From The Archives

When the Lights Went Out in New York City

The Voice’s coverage of the 2003 blackout reads like a warning of what we’re in for again as Republicans ignore infrastructure needs


It was a Thursday afternoon and most of the Village Voice staff was going about its business at 36 Cooper Square. Then the lights — and everything else electrical, including the desk phones — went dead. Flip phones flipped open, but dialing out was a crapshoot — the lines were jammed, if you could get a signal at all. Editors sent writers out across the city to research stories for the following week’s edition, which would come out just a few days later, on Tuesday evening. There was still plenty of time for reporters such as Wayne Barrett, James Ridgeway, and Cynthia Cotts to dig into the history of infrastructure neglect that led to the August 14, 2003, blackout.

Barrett zeroed in on New York’s Republican governor, George Pataki: “There he was on Larry King Live, the governor of a state that couldn’t even watch him, promising to get to the bottom of the first 21st-century blackout, looking for any culprit but himself. After eight and a half years of the most disastrous energy policies in New York history, George Pataki spent the last few days frantically turning himself into a human floodlight, scanning an eight-state collapsed grid for a blameworthy glitch, when he needed only to shine the klieg on himself.” Barrett also noted that other parts of the Northeast region dodged the outage because they had avoided aligning their systems with New York’s: “Pataki policies have turned New York into a ‘regional pariah,’ with manic deregulation, skyrocketing prices, and both transmission and capacity disinvestment driving other, sounder systems away.” Additionally, Barrett ferreted out the campaign contributions from energy suppliers and the political favoritism that led to the catastrophe. Read Barrett’s full article.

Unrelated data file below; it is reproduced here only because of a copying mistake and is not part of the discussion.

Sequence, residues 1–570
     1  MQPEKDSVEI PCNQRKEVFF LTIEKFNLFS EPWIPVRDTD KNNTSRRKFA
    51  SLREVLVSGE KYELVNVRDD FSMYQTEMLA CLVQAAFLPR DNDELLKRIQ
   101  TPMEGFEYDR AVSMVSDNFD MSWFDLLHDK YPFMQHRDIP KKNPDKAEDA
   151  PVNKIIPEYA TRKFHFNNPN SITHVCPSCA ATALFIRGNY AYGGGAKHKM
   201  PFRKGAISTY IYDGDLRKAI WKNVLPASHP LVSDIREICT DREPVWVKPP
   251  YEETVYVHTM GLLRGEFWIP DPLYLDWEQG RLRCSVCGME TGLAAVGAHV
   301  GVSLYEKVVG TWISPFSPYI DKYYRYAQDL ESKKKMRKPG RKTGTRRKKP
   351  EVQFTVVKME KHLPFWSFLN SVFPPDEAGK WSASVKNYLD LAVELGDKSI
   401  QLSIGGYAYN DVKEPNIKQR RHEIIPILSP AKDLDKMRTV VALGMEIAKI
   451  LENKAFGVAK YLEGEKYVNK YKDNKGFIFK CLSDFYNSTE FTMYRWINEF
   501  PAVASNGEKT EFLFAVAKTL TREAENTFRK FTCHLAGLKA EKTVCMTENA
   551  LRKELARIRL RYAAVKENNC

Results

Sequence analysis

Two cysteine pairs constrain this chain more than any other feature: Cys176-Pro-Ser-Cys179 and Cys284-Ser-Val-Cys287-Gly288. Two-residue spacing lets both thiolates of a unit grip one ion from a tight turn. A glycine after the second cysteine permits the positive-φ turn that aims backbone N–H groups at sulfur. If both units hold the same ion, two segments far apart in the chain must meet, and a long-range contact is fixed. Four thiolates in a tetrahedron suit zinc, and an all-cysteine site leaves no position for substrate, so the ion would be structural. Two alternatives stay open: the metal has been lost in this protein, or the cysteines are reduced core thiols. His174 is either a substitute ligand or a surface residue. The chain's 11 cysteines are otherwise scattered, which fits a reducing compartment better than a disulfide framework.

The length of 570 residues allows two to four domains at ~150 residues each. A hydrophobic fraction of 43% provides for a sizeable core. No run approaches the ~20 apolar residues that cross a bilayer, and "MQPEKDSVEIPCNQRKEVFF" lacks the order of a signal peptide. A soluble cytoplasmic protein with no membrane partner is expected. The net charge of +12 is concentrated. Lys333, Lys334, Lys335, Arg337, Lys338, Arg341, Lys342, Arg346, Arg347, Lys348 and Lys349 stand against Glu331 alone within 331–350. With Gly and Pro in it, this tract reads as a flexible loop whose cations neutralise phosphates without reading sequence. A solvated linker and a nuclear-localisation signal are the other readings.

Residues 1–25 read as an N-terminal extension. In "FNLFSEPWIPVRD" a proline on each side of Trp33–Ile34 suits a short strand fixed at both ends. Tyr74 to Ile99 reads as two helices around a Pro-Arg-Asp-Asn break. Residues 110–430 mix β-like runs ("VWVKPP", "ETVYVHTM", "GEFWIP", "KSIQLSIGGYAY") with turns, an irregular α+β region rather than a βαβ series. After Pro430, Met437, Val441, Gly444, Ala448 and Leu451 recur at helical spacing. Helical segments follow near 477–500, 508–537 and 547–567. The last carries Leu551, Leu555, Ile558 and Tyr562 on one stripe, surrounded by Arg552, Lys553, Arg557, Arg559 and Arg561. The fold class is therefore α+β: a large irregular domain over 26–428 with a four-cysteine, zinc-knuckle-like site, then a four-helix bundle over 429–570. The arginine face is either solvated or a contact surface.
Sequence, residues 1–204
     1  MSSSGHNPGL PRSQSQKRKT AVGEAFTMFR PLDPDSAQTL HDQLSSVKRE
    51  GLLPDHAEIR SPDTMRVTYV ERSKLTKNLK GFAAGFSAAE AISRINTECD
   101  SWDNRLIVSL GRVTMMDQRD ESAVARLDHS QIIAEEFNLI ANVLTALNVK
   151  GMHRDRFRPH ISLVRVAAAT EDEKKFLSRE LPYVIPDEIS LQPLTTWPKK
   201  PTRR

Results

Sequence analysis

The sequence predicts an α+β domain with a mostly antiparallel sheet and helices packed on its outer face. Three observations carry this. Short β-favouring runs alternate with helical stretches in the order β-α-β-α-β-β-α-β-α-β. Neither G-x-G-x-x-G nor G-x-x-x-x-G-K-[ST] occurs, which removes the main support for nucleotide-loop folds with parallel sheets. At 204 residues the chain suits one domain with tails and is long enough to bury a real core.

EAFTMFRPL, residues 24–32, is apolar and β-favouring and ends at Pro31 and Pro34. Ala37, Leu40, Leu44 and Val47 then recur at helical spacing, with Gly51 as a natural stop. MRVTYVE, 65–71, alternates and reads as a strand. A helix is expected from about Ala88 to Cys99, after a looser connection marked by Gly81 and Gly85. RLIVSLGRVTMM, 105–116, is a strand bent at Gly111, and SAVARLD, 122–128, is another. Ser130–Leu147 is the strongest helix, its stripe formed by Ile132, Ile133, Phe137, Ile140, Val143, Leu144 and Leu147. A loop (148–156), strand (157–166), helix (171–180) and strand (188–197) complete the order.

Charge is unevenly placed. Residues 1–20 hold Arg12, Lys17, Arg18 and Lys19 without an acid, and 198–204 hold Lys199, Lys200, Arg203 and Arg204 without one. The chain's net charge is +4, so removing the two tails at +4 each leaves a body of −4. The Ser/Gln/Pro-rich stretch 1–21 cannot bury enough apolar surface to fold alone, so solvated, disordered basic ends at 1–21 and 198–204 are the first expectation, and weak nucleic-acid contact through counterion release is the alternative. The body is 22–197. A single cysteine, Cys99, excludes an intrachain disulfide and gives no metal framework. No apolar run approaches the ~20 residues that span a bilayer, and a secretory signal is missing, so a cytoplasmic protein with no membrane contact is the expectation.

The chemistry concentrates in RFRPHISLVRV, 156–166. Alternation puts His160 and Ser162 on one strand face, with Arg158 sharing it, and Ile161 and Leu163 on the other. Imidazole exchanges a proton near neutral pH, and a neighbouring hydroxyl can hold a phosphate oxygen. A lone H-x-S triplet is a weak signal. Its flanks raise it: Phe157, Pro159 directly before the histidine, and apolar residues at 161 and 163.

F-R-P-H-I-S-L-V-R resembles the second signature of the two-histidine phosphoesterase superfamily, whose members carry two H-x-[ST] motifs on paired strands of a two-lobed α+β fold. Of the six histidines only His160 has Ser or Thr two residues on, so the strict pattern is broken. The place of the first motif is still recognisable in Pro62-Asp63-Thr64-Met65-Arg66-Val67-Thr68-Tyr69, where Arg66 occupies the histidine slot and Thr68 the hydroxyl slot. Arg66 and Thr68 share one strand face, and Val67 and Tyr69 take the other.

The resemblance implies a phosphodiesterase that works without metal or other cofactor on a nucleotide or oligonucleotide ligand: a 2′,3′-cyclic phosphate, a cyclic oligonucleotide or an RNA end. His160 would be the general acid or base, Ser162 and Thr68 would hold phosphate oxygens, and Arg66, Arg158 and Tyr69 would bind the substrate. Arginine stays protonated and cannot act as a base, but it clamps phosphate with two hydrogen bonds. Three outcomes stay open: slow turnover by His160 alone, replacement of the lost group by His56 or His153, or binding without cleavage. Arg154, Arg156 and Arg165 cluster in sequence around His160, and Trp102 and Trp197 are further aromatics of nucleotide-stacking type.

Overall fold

James Ridgeway’s mordantly headlined “Power to the People? Hardly.” had a local and federal perspective: “Once it became clear that we could not blame Canada for the largest blackout in North American history, the politicians started saying no one was to blame. The hapless Bloomberg jabbed a finger at those ordinary people who don’t turn off the light when leaving the room and don’t want power lines running through their backyards.”

And then he pointed out the ways in which Bush the Second’s administration had set the stage for the blackout: “Pointing fingers or even just being pissed off about it has been depicted as unsportsmanlike and, what’s worse, unworthy of true New Yorkers, whose stoicism ought to cover sleeping on the streets or walking five miles in the dark. Thank God, said the reporters, that at least as people trudged home across the Brooklyn Bridge, they didn’t have to look back at clouds of smoke from burning towers. If this attitude holds, it will amount to yet another chapter in the Bush administration’s amazing success story of hoodwinking the public, right up there with the disappearing weapons of mass destruction in Iraq and the tax cut for the rich jump-starting the economy. Because the real blame for this blackout lies not in technical glitches, but in political policies.”

And then Ridgeway delivered a conclusion that could have been written last year when Republicans rammed through yet another tax cut for the richest Americans: “Bush and his right-wing Republican coalition that runs the nation are determined to cut back to a bare minimum the federal government that holds us all together. In addition to finishing off the New Deal’s social welfare system and getting rid of the Department of Education, federal regulation has gotta go.”

Cynthia Cotts’s “It’s Deregulation, Stupid” highlighted a Daily News headline, “Experts know zip over zap,” and then went on to remind readers that New Yorkers were not the only ones without power that summer of 2003: “The Republicans’ embarrassed silence allowed Democrats to seize control of the narrative. Governor Bill Richardson of New Mexico, an energy secretary under Clinton, landed on the front page of The New York Times on August 15 with the now famous quote, ‘We are a major superpower with a third-world electrical grid.’ He not only got the Iraqis laughing (they have been without electricity for months), but also provided a spark for ensuing news coverage.”

Cotts referenced a Times story that said one of the blackout’s causes was “an unregulated energy market in which private companies have no incentives to build transmitters, and industry monitors have no power to enforce reliability rules.”

Which sounds very much like the deregulatory dream of Trump and the current Republican Congress.